But as I mentioned in the first paragraph, the fundamental proposition of biblical Christianity is that the real threat is first to look inside, one that emanates from the idea of original sin, which Chesterton argued was “the only part of Christian theology which can really be proved.” The doctrine of original sin rejects the idea that we are intrinsically good and are corrupted only by the outside world. Instead, we enter life with our own profound and inherent flaws. We are all, in a word, fallen. To quote Jesus in the book of Mark, “There is nothing outside a person that by going into him can defile him, but the things that come out of a person are what defile him.” All manner of sin and evil comes “from within, out of the heart of man.”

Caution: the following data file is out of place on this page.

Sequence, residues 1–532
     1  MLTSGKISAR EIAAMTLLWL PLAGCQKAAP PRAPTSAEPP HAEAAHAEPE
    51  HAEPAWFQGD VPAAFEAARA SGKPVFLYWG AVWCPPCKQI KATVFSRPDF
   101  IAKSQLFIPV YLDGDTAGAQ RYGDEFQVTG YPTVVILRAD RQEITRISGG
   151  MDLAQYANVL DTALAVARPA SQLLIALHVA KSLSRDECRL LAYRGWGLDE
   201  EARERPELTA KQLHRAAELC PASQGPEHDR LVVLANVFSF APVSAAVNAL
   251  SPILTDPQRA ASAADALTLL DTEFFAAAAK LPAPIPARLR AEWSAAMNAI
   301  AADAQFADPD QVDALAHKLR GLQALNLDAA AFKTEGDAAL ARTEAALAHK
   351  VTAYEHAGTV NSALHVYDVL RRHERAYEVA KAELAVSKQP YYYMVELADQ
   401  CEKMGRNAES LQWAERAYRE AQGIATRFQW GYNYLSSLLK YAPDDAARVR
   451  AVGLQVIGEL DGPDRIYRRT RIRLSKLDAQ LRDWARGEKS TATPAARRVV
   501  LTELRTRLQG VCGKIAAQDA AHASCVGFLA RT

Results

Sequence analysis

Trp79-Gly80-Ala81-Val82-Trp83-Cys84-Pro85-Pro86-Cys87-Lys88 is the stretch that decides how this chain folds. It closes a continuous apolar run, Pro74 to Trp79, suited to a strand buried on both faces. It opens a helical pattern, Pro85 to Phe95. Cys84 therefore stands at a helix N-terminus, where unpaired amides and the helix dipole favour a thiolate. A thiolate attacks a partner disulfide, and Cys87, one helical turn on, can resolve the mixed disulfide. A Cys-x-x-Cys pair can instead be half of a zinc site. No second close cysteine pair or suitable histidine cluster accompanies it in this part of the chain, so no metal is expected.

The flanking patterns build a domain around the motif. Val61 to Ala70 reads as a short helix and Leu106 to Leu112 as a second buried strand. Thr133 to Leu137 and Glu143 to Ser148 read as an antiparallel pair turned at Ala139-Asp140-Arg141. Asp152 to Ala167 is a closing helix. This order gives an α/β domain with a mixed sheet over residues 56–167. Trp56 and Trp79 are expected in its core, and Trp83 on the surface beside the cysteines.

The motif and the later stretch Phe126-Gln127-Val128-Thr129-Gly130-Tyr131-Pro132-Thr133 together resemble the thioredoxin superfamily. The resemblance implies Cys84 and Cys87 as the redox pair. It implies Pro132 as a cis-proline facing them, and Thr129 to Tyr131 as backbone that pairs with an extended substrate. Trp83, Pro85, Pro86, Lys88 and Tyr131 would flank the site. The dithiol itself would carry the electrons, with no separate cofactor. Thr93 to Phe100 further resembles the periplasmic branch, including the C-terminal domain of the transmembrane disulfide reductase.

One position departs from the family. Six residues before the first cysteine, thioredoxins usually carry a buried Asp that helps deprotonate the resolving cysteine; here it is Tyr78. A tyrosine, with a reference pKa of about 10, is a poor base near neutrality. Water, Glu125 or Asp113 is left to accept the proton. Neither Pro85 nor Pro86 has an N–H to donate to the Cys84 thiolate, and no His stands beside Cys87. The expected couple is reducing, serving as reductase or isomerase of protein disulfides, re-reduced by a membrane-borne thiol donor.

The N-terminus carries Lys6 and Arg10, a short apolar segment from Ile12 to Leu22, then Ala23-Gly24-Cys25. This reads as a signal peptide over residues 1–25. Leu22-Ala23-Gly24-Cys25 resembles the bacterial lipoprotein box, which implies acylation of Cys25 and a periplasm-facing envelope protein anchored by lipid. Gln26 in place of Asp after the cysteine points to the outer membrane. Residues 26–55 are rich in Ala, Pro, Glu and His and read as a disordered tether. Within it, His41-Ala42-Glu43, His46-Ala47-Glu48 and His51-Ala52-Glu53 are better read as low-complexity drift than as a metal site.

To drive home this point, I like refer to a 2022 book by the historian Robert Tracy McKenzie, We The Fallen People: The Founders and American Democracy.  McKenzie reminds us that our nation’s founders did not believe that humans were innately good or virtuous; indeed, they embraced the fundamental proposition of human depravity.  Patrick Henry “admitted to feelings of dread when he contemplated the ‘depravity of human nature.’”  Samuel Adams argued that “Ambitions are lusts for power . . . are predominant passions in the breasts of most men.”  McKenzie shows that the “Framers’ views on human nature were compatible with an orthodox Christian standing . . . [They also affirmed that] If the dignity of imago Dei gives us hope that a government of the people might flourish, the corroding effects of original sin persuade us never to take self-government for granted.  Given humankind’s fallen state, a free and just society is as fragile and unnatural as it is precious.”  For that reason, he cautions, “to live out a heartfelt conviction of original sin, we must run from every effort to meld Christianity with a particular political party, movement, or leader.  The reason for this is twofold:  For one, we’ll recognize the folly of placing unlimited confidence in any earthly deliverer.  If the effects of the fall touch every era in every land, they also mark every political institution we revere, every political party we champion, every incumbent we cheer, and every candidate we vote for.  But because we know the effects of the fall also linger in us, we’ll know that we can be lured into political idolatry all the same, and we must be on guard against that perpetual danger.” [p. 268]  He also concludes that “The mantra of monarchy, that ‘the king is never wrong,’ and the dogma of democracy, that ‘the people are always right,’ are both false.  To assert either ‘is to speak the language of a slave.’  Human nature is no different in democracy than in any other state . . . None of us can be trusted with power as individuals, and our character doesn’t improve when we become part of a majority, regardless of what politicians seeking our votes may tell us.” [p. 204]